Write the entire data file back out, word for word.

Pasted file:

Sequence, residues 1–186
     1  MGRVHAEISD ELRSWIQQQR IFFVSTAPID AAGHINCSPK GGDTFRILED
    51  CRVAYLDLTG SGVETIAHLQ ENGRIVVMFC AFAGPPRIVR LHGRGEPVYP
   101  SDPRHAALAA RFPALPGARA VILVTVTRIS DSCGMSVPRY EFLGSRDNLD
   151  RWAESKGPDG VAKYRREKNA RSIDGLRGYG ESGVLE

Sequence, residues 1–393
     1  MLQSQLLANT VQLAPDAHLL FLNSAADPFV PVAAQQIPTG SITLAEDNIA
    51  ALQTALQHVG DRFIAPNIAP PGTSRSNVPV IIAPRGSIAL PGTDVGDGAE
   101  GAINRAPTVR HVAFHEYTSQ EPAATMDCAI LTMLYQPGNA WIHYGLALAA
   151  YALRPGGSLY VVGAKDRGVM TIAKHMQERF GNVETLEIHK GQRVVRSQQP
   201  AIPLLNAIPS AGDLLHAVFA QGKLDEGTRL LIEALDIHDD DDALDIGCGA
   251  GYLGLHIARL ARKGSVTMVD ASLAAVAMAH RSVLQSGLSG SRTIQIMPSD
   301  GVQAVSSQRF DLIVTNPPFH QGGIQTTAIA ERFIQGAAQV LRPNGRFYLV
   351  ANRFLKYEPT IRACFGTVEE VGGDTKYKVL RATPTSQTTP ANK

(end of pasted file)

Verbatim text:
Sequence, residues 1–186
     1  MGRVHAEISD ELRSWIQQQR IFFVSTAPID AAGHINCSPK GGDTFRILED
    51  CRVAYLDLTG SGVETIAHLQ ENGRIVVMFC AFAGPPRIVR LHGRGEPVYP
   101  SDPRHAALAA RFPALPGARA VILVTVTRIS DSCGMSVPRY EFLGSRDNLD
   151  RWAESKGPDG VAKYRREKNA RSIDGLRGYG ESGVLE

Sequence, residues 1–393
     1  MLQSQLLANT VQLAPDAHLL FLNSAADPFV PVAAQQIPTG SITLAEDNIA
    51  ALQTALQHVG DRFIAPNIAP PGTSRSNVPV IIAPRGSIAL PGTDVGDGAE
   101  GAINRAPTVR HVAFHEYTSQ EPAATMDCAI LTMLYQPGNA WIHYGLALAA
   151  YALRPGGSLY VVGAKDRGVM TIAKHMQERF GNVETLEIHK GQRVVRSQQP
   201  AIPLLNAIPS AGDLLHAVFA QGKLDEGTRL LIEALDIHDD DDALDIGCGA
   251  GYLGLHIARL ARKGSVTMVD ASLAAVAMAH RSVLQSGLSG SRTIQIMPSD
   301  GVQAVSSQRF DLIVTNPPFH QGGIQTTAIA ERFIQGAAQV LRPNGRFYLV
   351  ANRFLKYEPT IRACFGTVEE VGGDTKYKVL RATPTSQTTP ANK